Slow old people more likely to die of heart diseaseThree times more likely than those who walk fast
Older people who walk slowly are three times more likely to die from heart disease than those who walk fast, a new study has found.
They are also 44% more likely to die compared with the fastest walkers.
Past research has shown that the speed a person walks at may indicate underlying health problems.
In this study, French researchers wanted to discover the relationship between walking speed and the risk of death in older people as well as the actual cause.
The researchers measured the walking speeds of 3,208 men and women between the ages of 65 and 85. All participants then underwent health checks for the next five years.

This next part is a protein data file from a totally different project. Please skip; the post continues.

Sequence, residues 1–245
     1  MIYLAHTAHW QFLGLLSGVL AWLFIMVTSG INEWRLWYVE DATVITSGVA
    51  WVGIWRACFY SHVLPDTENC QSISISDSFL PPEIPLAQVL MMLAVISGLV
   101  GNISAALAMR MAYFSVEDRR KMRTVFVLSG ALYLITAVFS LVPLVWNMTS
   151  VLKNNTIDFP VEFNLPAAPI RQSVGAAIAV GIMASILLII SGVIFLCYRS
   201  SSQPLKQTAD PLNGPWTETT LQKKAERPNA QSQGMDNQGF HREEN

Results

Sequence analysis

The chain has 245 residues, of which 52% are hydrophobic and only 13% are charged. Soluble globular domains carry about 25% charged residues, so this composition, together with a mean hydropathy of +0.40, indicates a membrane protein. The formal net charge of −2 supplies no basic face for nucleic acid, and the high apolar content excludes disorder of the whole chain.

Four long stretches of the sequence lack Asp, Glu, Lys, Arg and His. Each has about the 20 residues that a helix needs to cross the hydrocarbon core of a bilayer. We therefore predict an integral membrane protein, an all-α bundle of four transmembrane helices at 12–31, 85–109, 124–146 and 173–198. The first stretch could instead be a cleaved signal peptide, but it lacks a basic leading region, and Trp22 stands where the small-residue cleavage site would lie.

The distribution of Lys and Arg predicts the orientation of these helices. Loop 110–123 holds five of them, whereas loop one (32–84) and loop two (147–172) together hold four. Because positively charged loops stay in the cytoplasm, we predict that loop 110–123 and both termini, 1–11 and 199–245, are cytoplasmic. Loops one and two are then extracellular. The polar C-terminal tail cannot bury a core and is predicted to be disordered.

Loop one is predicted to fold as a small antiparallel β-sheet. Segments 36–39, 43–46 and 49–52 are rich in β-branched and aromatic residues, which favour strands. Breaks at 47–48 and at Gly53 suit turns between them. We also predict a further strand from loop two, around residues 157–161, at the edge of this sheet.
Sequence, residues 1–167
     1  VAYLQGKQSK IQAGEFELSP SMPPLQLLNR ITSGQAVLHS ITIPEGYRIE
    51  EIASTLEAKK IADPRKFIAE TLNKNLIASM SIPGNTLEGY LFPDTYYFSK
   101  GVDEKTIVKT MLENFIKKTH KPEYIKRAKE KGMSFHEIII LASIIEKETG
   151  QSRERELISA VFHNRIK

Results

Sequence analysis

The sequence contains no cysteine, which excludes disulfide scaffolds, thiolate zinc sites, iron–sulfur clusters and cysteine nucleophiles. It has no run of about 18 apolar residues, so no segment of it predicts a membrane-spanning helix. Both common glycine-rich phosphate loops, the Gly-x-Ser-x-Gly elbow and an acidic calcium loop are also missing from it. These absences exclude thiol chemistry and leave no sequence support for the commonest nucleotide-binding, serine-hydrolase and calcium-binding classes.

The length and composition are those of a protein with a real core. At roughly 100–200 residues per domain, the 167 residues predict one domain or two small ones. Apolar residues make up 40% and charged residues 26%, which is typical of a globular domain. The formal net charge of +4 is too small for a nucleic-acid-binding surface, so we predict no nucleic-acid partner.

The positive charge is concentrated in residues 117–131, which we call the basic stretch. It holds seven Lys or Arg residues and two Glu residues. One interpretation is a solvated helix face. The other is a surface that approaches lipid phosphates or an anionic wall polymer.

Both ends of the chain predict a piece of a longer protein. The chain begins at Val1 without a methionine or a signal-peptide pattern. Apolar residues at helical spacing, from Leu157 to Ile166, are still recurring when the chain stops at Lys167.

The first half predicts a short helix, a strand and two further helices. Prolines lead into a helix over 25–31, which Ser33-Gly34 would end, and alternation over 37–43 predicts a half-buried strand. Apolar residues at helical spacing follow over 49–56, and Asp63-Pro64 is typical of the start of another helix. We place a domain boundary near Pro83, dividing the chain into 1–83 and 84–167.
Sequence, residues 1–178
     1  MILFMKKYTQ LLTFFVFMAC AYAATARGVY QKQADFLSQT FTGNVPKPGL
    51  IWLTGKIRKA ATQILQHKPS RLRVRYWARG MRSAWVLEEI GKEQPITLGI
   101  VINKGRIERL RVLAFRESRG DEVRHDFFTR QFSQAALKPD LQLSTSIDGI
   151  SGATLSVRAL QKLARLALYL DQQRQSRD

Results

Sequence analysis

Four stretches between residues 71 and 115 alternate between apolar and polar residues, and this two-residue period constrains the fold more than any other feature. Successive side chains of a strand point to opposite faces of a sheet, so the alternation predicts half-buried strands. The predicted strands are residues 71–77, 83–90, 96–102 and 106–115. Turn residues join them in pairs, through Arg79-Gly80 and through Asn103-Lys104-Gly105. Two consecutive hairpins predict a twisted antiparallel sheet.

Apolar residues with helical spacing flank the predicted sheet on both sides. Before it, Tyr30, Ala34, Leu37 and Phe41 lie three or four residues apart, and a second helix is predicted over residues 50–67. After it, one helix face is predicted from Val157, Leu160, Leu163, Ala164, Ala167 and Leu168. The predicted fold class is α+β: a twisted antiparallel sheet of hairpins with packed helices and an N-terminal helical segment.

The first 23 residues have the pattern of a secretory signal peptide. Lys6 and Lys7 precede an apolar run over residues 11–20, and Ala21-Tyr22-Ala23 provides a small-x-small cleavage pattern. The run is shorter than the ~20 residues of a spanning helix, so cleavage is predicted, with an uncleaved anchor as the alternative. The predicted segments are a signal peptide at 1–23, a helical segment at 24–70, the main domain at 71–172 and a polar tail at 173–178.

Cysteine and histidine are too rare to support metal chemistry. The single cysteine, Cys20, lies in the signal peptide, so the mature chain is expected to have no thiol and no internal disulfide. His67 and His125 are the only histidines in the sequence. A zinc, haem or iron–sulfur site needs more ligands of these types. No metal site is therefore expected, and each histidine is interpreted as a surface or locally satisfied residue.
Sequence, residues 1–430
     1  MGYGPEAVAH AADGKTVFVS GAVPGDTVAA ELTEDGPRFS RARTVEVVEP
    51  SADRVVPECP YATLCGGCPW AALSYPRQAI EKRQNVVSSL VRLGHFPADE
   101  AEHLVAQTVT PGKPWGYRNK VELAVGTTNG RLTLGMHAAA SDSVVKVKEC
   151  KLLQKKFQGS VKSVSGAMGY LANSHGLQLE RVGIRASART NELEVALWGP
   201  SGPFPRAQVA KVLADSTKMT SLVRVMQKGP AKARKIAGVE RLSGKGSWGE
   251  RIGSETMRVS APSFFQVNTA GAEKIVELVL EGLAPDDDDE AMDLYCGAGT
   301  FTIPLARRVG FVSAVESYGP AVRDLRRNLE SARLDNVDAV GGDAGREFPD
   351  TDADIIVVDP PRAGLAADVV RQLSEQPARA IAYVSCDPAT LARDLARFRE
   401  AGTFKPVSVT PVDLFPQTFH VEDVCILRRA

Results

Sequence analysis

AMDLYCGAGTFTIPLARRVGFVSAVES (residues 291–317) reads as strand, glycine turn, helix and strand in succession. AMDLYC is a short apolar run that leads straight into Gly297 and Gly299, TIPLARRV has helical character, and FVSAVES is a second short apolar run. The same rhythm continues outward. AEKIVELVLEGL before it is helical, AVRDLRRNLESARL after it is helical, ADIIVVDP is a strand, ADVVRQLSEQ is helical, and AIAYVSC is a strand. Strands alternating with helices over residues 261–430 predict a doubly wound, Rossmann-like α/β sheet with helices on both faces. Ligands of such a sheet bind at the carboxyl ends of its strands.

The results, published in this week's British Medical Journal, showed that a third of the people who walked at the lowest walking speeds at the start of the study were 44% more likely to die compared with the third of those who walked the fastest.
In addition, the people in the lowest third of walking speeds were three times more likely to die from heart problems compared with those who walked faster.
The results were the same for both men and women, in younger and older participants and in people with low or average levels of physical activity.
No relationship between walking speed and cancer was found.
The researchers from the University Pierre and Marie Curie said the results highlight the importance of keeping active in older age.
They concluded: “These findings show that assessment of motor performances in older people using simple measures such as walking speed can be performed easily and that the role of fitness in preserving life and function in older age is important.”
An accompanying editorial in the BMJ suggested that walking speed may also help predict future frailty in older people.
This article was published on Thu 12 November 2009
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